Mobile Augmented Reality Contact Lenses Create New World Visions

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Mobile Augmented Reality in Contact Lenses?

Ready for Mobile Augmented Reality?

Mobile augmented reality contact lenses may do more that improve your sight. Someday they could replace your mobile phone and let you communicate visually anywhere in the world, improve your health and make virtual reality real. Perhaps your ophthalmologist could perform Lasik surgery, burning a wireless circuit into your cornea?

MobiHealthNews’ Brian Dolan, who was interviewed recently on MobileBeyond,  just wrote an amazing article called “Contact Lens: Future Platform for mHealth.”

 

Mobile Augmented Reality Hits Contact Lens Technology

Babak Parviz at the University of Washington in Seattle, is working on a contact lens technology that could revolutionize wireless health monitoring and mobile applications for your iPhone. But don’t stop there…

Babak Parviz’ lenses become biosensors that monitor internal body functions. While the prototype version of the lens is powered by radio waves beaming electricity to a loop antenna embedded in the contact lens, Parviz thinks a mobile phone or solar cells (wireless electricity) could generate power for the lenses. Mobile augmented reality could be just around the corner.

Here’s a video explaining the technology:

Parviz believes his contact lens development platform could emulate the iPhone’s on a smaller scale. Each lens at present only uses one LED. But he thinks with multiple LED’s embedded in the lens, application developers could write wireless monitoring “apps,” like the iPhone model, expanding the lens’ wireless health monitoring capabilities. Doctors, for example, could monitor their patient’s vital signs or blood sugar levels or blood pressure remotely.

HUD’s (Heads-Up Displays) and Augmented Reality

Parviz’ vision may come from science fiction writer and mathematician Vernor Vinge, who imagines computers in clothing and locational sensors placed elsewhere–a world of text and virtual objects overlaying our view of reality. Perhaps a pair of virtual reality goggles for Christmas? Or an augmented reality app for your next birthday present?

HUD’s or heads-up displays, used by fighter and space shuttle pilots, provide a glimpse into a world where our vision is augmented by sensory feedback.

Here’s an augmented reality video of an F16 pilot’s view of reality in an actual jet flight. (He gets quite a work-out as you can tell from his heavy breathing. Tough job flying jets these days.)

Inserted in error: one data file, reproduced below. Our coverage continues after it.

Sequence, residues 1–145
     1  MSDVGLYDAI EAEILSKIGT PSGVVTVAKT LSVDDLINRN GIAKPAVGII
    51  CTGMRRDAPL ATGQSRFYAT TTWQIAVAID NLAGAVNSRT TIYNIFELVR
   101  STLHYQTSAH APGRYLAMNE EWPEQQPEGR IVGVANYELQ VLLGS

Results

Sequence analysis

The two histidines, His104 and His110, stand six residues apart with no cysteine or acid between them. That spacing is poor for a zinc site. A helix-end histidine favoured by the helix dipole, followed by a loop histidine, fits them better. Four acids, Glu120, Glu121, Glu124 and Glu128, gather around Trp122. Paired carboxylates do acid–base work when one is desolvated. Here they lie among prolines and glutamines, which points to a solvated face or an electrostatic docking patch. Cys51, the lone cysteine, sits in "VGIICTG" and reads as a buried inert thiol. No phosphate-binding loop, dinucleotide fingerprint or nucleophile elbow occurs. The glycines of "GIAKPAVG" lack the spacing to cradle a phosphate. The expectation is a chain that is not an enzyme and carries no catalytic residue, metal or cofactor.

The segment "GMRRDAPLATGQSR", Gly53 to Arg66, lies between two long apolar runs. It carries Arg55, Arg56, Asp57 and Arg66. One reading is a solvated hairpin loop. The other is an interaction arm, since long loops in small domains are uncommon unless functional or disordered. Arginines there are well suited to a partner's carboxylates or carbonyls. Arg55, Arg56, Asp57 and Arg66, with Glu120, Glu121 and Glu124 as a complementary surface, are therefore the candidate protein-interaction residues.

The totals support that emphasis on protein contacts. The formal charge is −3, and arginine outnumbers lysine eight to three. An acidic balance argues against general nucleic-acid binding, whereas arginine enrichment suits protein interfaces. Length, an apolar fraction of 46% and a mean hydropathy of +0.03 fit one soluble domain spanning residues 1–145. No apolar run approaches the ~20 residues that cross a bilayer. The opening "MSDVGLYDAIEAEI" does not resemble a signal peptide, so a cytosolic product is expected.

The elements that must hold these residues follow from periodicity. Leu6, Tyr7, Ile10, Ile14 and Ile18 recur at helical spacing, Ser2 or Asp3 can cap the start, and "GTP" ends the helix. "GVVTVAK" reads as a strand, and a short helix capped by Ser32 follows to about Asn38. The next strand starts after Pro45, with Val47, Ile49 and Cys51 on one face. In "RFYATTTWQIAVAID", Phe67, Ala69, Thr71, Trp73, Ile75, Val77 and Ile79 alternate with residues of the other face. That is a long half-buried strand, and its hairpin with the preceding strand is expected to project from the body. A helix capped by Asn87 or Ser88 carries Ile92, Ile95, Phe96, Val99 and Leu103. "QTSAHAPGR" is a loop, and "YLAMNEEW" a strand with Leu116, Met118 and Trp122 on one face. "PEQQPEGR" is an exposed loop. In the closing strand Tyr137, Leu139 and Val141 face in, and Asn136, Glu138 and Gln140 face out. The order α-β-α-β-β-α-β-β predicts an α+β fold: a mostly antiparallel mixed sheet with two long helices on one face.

Mobile Augmented Reality Contact Lenses of the Future

Imagine in the not-too-distant future…

You’re wearing your iCon wireless lenses which are connected to your mobile carrier. Using augmented reality software embedded in the lenses, you make a video call to your friend in Australia by visualizing her in your brain.  Your iCon and carrier initiate the call and connect you to your friend who’s also wearing an iCon. Both of you see and hear each other as if you were sitting next to each other in 3D virtual reality.

Driving in your car, wearing your GPS-enabled iCon lenses,  you connect to a Google server and a GPS satellite. You request mapping and directional information by voice which immediately appears on  your iCon lenses. While driving, you see an overlay of roads, streets and arrows. A pleasant voice guides you safely and quickly to your destination. That’s mobile security.

You need cash. As you stand in front of your bank’s ATM machine, an optical device scans your iCon lenses, containing personal financial information stored on a memory chip. After verifying your identity, you communicate by voice with your ATM. “Need $40 cash, pronto.” An ATM voice thanks you and spits out the cash. Mobile commerce at its best.

Before leaving your doctor’s office, after having a physical, your physician puts two iCon lenses in your eyes to monitor your blood pressure and heart rate wirelessly. You saunter out of the office feeling in control, augmented in an interactive wireless world.

Your teacher or instructor gives you a pair of wireless contacts containing your next lesson–”The sex life of the Fruit Fly.” As you sleep, the lesson downloads into your brain’s cortex. The ultimate mobile learning app.

Forget the contacts. How about your eye doctor using lasik surgery to burn augmented reality into your cornea?

Want more? Welcome to the mind of   Nash’s World, who suggests other ways wireless contacts and other techniologies could make your reality even more augmented.

First, a YouTube video showing a kid buying Lego toys with the help of a mirror in a store. Good augmented reality software tool:

Nash’s ideas:

  • Bookstores will have the top 5 reviews hover above any book you take off the shelf  (Forget the New York Times Book Review)
  • Showing relationship status above our heads so we can date new people (The ultimate in mobile dating)
  • A system will analyze body language of another so the socially awkward will receive cues on how to better communicate with the opposite sex (Poor eyesight? Put on those virtual reality goggles again)
  • See how many calories something has before you eat it (Throw away your smartphone’s food calorie app)
  • Be aware of the average crime rate of the area you are in by the color of the road (This one is sorta mixed reality)
  • …Watch tv from anywhere with images filling up [your] whole field of vision

 

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